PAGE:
I made a dumb mistake today and offered to overpay for a bottle of water. In restaurants, they often give prices in “old Lek” which are 10X the “new Lek.” So, my bottle of water was 600 lek, but that was “old lek.” When I tried to give them 600 lek they told me to just take the water and not worry about it. Then I understood that it was idiotic for a bottle off water to be almost twice what I paid for all three of the crepes I had bought and then I fished out 60 lek in coins and paid for my water.
At the same time as I’m trying to remember the difference between old and new lek, I’m also trying to keep track of how much a lek is in relation to a dollar (basically, a dollar is something like 104 lek) and get used to carrying around and using 1000 and 5000 lek notes (which are equivalent to tens and fifties). Then I have to remember what sorts of things those lek can buy. This morning we stopped at a “creperie” around the corner from our hostel. We bought three crepes (Shawna had cheese and mushroom, I had ham and cheese and Carly had Nutella, which she put all over her face) and it cost us 440 lek (about four dollars) for all three of them. Then there was the 60 lek bottle of water. You can’t have just one crepe in the US for $5, not to mention all three plus water.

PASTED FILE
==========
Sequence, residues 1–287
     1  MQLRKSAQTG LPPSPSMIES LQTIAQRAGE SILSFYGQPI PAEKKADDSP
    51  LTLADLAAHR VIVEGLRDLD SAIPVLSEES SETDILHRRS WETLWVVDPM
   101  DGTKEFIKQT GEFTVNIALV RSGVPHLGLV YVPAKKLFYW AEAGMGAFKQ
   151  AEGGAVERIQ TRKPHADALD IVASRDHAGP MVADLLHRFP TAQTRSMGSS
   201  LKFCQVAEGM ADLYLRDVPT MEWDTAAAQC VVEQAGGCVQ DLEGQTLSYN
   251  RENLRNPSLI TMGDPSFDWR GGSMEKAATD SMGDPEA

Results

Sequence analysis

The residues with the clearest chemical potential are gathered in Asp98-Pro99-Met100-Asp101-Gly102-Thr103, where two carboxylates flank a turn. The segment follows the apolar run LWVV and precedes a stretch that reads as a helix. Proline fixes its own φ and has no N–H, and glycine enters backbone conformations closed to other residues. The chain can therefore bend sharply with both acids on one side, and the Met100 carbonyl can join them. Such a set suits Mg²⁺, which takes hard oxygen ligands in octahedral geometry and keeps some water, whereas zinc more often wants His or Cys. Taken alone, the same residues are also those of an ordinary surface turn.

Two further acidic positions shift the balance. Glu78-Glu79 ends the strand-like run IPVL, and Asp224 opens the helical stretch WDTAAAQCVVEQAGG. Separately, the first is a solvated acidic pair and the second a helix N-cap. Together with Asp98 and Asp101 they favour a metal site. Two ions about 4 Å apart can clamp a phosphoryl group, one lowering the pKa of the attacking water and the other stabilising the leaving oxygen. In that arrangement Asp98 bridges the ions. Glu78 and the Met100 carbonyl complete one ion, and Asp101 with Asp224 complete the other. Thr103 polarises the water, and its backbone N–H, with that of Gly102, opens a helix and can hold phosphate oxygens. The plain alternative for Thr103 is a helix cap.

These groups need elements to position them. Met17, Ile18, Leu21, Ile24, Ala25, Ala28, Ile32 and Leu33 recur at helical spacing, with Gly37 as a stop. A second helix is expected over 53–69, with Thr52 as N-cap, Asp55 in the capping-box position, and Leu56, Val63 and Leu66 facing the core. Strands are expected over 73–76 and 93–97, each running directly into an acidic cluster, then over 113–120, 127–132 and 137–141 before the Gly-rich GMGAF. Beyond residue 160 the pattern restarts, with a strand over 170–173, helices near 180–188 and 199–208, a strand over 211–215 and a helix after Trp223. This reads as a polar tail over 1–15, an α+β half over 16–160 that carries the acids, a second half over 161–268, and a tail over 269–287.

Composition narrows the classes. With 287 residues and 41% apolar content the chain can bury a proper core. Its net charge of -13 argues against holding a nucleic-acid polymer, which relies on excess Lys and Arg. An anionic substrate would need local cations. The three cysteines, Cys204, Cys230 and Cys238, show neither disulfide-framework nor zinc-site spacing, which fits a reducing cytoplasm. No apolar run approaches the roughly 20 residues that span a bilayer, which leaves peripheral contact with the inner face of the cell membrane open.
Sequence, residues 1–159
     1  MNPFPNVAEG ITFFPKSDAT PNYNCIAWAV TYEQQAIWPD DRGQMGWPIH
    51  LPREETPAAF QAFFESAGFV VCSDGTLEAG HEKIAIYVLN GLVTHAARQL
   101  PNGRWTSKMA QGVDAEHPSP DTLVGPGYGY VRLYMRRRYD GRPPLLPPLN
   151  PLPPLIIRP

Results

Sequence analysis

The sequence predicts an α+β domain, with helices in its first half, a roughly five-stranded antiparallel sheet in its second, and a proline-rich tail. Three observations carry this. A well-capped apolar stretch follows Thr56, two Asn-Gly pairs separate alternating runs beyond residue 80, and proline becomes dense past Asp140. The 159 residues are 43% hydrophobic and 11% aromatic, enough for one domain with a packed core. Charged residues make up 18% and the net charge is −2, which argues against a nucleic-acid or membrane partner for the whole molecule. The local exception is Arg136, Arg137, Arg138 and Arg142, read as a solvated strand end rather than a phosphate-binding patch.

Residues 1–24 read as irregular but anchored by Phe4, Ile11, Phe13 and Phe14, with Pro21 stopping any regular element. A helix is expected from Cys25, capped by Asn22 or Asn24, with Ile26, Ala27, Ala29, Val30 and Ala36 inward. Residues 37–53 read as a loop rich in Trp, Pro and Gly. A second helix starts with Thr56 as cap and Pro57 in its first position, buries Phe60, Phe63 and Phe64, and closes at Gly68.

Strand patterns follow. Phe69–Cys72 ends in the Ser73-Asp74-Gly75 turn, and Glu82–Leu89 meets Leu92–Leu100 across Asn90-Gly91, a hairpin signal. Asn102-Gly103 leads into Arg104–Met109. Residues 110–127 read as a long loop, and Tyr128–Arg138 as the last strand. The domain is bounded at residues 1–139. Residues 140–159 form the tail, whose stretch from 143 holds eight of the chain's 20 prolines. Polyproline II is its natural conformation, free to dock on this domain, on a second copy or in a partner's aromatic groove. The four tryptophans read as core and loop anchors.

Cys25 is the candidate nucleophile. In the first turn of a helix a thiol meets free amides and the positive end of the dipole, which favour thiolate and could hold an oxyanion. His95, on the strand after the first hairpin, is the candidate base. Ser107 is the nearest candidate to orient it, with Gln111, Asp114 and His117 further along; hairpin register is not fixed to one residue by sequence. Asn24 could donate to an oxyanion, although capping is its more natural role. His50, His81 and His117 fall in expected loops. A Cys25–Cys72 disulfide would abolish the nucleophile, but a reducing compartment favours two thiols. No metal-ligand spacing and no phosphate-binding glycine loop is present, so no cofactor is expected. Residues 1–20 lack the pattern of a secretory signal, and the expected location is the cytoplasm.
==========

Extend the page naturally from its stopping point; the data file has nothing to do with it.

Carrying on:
In addition to using Lek as currency, the Euro is common here, even though Albania is not in the European Union. So our rent is paid in Euro, as is our rent at the hostel. We’re paying 25 euro a night at the hostel and our rent will be 400 Euro a month. Now you have to translate Euro into dollars so you know what you’re paying. Lately, it’s about $1.32 to a Euro, so our rent will be something like $520. For some reason, I’ve never heard anyone pay rent here in Lek, only Euro, though it’s also possible to pay rent in dollars if you arrange that ahead of time. Of course, when we travel, we’ll be using Euro in Italy and other EU countries so, in contrast to looking at a 1000 Lek note and thinking ($10), I have to remember that the 10 Euro note is ($13). Unless a place takes dollars. Then I have to make sure that I’m not paying more in dollars than I would in Euro. Or lek.
Errand today: find an ATM and take out dollars. Change them into Euro to pay for rent tomorrow. Make sure to get some changed to Lek, too, so I can buy coffee and crepes. Remind self that when I’m walking around with 10,000 Lek in my pocket and buying 5-star dinners for three for the equivalent of $40, I am indeed a very Lekky man.